Many of the nation’s commercial truck and transport drivers are falling victim to wage theft and other violations of the federal Fair Labor Standards Act (FLSA), a trend that has been spotlighted by a few highly visible filed class action lawsuits.
A federal court in Los Angeles recently recommended that a case involving more than 100 FedEx line-haul drivers be certified as a class action, which could potentially include all operators who worked for the company from January 2012 to present. According to details reported on Law360 (subscription required), the drivers allege that they were paid exclusively on a mileage basis, with no compensation for non-driving activities or rest and meal breaks as required under California law. They also accuse FedEx of failing to provide them with accurate wage statements.
This action is one of many wage and overtime lawsuits brought by FedEx drivers. Last month, for example, the package delivery giant agreed to a $228-million settlement with 2,300 FedEx Ground and FedEx Home Delivery drivers working in California who alleged that the company misclassified them as independent contractors to short-change them on compensation and benefits. The same misclassification issue is at the heart of class actions in Florida, where 1,600 full-time FedEx Ground or FedEx Home Delivery drivers are currently suing for unpaid wages, and in Kansas, where the Seventh Circuit Court of Appeals recently ruled that 479 FedEx Ground Package Systems delivery drivers are in fact employees and not independent contractors.
Between 2003 and 2009, FedEx drivers in more than 40 states filed wage and hour lawsuits against FedEx, which were then consolidated and transferred to the Northern District of Indiana by the Judicial Panel on Multidistrict Litigation. Several other actions have been initiated since then.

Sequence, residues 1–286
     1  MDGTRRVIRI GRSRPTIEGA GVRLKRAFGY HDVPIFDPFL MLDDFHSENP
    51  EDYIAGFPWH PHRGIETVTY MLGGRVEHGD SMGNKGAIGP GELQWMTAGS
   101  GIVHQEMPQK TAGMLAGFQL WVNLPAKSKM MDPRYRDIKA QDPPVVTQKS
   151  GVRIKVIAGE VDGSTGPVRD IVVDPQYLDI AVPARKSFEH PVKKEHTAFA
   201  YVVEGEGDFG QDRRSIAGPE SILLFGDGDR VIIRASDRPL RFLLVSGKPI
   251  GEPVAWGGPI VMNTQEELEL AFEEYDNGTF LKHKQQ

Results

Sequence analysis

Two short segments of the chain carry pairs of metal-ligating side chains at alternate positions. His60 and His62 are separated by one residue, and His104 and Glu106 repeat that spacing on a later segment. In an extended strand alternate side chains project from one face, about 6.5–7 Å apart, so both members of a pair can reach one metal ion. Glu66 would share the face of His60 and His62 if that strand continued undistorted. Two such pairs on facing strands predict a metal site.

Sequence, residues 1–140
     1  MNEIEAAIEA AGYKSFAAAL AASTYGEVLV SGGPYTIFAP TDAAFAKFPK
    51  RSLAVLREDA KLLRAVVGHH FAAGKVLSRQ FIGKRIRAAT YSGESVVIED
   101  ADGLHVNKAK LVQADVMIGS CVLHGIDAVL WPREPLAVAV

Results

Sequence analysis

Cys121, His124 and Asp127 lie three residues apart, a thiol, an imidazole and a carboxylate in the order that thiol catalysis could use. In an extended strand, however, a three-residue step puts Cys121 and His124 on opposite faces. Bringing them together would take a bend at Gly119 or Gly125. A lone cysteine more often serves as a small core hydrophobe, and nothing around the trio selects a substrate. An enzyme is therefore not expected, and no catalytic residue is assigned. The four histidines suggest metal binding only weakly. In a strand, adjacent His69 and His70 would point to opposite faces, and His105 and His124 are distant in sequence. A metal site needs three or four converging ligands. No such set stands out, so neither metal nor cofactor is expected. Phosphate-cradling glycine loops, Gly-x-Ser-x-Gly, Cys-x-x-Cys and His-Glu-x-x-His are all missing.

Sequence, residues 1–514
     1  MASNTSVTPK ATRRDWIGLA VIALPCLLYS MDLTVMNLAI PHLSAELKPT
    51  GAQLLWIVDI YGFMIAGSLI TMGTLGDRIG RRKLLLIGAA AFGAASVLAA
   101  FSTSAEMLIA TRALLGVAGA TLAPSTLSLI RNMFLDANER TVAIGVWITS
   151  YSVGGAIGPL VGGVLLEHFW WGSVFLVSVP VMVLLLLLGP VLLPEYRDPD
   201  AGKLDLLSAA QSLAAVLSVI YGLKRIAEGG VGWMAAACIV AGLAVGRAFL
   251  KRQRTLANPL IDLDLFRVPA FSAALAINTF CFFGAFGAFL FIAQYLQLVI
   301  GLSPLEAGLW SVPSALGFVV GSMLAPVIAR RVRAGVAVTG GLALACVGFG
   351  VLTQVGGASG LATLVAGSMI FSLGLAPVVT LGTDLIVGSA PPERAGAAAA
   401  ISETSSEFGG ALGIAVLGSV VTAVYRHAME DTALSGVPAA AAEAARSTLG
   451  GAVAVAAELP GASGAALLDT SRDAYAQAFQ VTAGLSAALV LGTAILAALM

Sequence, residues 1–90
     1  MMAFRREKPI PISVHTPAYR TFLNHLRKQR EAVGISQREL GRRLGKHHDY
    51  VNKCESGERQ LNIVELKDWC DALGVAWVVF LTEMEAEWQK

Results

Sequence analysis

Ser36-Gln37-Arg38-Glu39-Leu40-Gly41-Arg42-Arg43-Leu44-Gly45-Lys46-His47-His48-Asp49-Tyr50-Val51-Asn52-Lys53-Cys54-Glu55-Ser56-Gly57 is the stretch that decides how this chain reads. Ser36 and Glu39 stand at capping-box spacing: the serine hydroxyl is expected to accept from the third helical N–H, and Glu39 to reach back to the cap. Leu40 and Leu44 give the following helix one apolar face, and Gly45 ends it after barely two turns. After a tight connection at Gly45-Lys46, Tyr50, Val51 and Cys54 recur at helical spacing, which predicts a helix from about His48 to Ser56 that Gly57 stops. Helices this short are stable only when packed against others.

Last week, a group of delivery drivers in New Jersey initiated a proposed class action against Home Depot, alleging that the home improvement retailer forced them to take compensatory time off rather than pay overtime, in violation of both New Jersey employment law and the FLSA.
Wage theft also occurs in smaller companies, too, as evidenced by a $3.7-million damages award secured by current and former oilfield fracking operations truck drivers employed by Native Oilfield Services LLC. In that matter, the court ruled that the company and its president violated the Fair Labor Standards Act, finding in favor of the class of 104 truck drivers who alleged they were owed compensation for up to 18 unpaid overtime hours each week over a period of several years.
The attorneys in Sommers Schwartz’s Employment Litigation Group have represented thousands of workers wage and hour disputes. If you work as a truck or delivery driver and believe that you have not received all the compensation to which the law entitles you, please contact us today to discuss your situation.